Tax and social security contributions at KnowS


For KnowS, it is important that both service providers and clients are aware of their rights and obligations and thus legal employment relationships are established. An important point in this context is the payment of taxes and social security contributions.

For all natural persons and legal entities with tax residency in Switzerland, all income must be declared in the tax return, as income tax is levied on it. Failure to do so may result in interest on arrears or even penalty taxes. From 1 January after reaching the age of 17, every natural person working in Switzerland is also obliged to pay wage contributions. This means that certain predefined portions of the income are paid into various state insurance schemes. These contributions are divided between the employer and the employee. In this way, in addition to a certain retirement provision, the employee receives replacement benefits in the event of a loss of income, such as in the case of disability, death or during military service. These insurance benefits are referred to as the 1st pillar in the Swiss system. In addition, there is the 2nd pillar, which is also compulsory in most cases and includes contributions to the pension fund and accident insurance. Payments to the 3rd pillar, which is an individual, tax-privileged pension plan, are voluntary.

It is therefore important to check the exact circumstances of each employment relationship and to clarify which contributions are to be paid in by whom. In general, social security contributions can always be made at the request of the employee. However, there are cases where the contributions are not compulsory.

The following three exceptions should be noted:

1. Marginal incomes are exempt from levy

In principle, a threshold amount of CHF 2,300 per year applies. Employees whose annual income does not exceed this amount are not obliged to pay contributions. However, certain activities of an artistic nature and work in private households are exempt from this rule. These include, for example, work as a theatre producer, babysitter or domestic help. In these cases, contributions to the social security system must be paid without restriction.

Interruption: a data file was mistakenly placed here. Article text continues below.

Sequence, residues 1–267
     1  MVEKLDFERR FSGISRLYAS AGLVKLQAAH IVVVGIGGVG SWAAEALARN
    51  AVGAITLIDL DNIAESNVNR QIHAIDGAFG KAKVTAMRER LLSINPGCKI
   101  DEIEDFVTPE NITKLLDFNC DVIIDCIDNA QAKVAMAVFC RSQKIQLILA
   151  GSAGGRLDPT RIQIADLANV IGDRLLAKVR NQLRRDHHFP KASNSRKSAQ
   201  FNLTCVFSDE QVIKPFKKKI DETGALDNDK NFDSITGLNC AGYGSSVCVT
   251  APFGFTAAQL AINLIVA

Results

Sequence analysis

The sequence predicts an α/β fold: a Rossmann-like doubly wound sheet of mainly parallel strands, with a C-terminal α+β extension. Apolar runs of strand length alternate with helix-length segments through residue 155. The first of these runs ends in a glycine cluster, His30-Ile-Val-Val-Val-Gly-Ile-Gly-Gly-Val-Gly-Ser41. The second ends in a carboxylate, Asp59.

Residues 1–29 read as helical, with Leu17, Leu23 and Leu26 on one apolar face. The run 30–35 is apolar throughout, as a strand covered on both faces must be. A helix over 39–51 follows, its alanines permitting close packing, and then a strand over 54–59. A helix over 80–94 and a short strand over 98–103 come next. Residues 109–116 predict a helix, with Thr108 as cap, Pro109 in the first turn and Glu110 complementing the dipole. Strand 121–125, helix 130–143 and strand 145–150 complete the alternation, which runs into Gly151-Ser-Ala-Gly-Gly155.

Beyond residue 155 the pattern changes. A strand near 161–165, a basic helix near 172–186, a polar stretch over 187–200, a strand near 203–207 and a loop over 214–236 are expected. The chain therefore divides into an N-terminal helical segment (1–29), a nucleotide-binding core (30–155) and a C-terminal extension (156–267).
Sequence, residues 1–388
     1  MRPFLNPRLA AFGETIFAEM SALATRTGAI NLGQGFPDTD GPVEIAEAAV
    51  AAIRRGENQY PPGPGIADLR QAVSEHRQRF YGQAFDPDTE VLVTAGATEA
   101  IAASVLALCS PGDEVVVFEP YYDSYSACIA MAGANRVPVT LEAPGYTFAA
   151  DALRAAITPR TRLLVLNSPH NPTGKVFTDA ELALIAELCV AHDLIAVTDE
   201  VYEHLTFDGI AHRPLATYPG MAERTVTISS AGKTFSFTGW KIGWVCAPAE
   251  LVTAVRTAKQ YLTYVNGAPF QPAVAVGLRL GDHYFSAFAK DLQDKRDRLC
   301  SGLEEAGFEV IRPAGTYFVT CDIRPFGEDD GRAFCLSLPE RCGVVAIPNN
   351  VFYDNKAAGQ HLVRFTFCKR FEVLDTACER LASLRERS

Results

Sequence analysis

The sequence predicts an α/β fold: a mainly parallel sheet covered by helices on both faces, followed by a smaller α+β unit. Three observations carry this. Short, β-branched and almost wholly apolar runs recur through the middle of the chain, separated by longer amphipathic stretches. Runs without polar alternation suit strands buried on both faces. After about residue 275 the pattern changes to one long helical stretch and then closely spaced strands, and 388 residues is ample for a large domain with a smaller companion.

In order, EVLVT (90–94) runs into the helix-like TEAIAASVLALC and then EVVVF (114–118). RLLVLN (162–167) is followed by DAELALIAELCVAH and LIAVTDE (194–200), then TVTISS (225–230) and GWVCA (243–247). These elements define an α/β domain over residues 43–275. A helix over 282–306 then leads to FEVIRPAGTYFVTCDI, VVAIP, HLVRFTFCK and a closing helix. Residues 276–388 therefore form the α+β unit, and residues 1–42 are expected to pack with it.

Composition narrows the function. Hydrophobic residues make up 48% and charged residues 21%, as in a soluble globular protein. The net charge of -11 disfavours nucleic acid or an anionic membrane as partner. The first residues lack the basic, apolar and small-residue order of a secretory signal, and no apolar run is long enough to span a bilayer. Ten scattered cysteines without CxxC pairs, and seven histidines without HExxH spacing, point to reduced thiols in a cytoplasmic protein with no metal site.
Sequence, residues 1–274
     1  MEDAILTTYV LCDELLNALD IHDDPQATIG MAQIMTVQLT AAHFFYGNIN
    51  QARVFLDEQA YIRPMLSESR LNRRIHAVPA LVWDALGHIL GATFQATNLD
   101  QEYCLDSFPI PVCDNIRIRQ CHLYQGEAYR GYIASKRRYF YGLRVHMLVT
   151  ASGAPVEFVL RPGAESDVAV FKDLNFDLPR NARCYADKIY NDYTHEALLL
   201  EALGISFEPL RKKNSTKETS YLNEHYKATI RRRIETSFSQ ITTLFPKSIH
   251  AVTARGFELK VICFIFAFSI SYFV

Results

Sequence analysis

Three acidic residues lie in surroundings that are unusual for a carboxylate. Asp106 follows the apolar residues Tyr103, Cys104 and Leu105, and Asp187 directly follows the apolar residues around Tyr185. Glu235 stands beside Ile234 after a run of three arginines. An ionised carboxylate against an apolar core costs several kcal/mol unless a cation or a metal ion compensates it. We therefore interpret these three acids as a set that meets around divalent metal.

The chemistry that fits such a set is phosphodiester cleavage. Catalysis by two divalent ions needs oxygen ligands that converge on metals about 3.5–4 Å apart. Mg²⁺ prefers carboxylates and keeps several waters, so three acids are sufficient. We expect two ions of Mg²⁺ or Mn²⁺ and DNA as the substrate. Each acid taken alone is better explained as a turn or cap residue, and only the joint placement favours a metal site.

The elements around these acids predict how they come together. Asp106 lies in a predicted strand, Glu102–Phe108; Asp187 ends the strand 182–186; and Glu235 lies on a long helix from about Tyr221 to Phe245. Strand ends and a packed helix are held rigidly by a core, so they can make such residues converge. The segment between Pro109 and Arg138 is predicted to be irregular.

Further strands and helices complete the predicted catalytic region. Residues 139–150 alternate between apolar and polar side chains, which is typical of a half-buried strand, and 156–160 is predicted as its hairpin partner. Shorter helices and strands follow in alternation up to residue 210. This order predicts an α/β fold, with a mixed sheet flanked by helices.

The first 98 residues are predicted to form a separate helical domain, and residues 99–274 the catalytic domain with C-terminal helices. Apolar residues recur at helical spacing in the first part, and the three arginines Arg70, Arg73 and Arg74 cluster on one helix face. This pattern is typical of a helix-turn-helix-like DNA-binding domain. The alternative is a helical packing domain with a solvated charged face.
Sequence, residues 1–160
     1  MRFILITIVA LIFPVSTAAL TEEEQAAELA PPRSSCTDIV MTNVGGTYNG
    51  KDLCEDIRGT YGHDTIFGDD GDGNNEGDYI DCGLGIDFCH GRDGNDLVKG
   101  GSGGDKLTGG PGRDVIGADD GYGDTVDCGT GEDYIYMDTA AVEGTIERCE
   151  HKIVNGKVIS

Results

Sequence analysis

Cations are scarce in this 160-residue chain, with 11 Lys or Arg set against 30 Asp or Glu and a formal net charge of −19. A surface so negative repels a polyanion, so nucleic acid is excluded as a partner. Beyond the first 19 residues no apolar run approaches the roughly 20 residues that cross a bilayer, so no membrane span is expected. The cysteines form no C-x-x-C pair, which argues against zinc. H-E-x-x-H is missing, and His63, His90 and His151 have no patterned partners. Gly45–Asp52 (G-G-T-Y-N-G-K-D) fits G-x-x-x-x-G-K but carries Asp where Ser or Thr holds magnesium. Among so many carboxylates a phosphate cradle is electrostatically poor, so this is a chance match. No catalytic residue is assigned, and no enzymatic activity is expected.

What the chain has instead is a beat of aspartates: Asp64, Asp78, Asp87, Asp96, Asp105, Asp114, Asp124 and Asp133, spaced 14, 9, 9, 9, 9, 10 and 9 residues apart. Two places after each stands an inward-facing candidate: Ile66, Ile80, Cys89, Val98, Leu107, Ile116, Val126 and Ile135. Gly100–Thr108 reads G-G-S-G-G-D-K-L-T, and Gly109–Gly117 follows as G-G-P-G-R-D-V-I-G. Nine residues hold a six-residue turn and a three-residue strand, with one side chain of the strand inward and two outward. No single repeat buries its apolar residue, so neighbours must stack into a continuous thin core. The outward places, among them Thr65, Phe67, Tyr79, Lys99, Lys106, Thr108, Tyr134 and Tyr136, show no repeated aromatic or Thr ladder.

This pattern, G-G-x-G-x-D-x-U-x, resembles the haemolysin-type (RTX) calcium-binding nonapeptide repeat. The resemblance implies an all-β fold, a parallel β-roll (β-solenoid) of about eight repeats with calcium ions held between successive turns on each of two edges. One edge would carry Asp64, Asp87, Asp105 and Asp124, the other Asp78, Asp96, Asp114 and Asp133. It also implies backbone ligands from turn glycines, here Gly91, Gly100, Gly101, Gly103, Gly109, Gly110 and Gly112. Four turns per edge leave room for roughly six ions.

Under the following link you will find more information on the obligation to pay contributions for marginal income:


2. Pocket money jobs

However, in the case of activities in private households, as mentioned above, there is an additional regulation on so-called "bag money jobs". For young workers who turn 25 years of age or less in the calendar year in question, an income of no more than CHF 750 per year and private household is exempt from the obligation to pay contributions. In the case of a higher income, however, compulsory contributions are levied on the entire amount.

More details on the regulations for domestic service work can be found here:


3. Allowance for employees of retirement age

Another exception is employees who are gainfully employed beyond the normal retirement age. For them, an allowance of CHF 1,400 per month or CHF 16,800 per year per employment relationship applies. In this case, contributions are only levied on the part of the income that exceeds these values.

You can find out more about the obligation to pay contributions at retirement age here.

Obligation to pay contributions - How is a legal employment relationship established?

If none of the exceptions described above apply to you, you are obliged to pay social security contributions. There are two possibilities in this case.


1. Self-employment

Anyone who earns money independently by working for different clients has the option of becoming self-employed. In order to be recognised by the AHV as self-employed, you must work in your own name, at your own risk and with the help of your own infrastructure. Self-employed persons are only obliged to pay contributions to the 1st pillar; other contributions are voluntary here. Find out more in our blog Freelancer: What you need to know.

Further information on self-employment in Switzerland can also be found at the following link:

2. Become an employer

In the case of regular work for the same client, for example domestic service work, a legally valid employment relationship can also be established by the client becoming the employer. This helps to protect the worker. More information and step-by-step instructions are available at this link:


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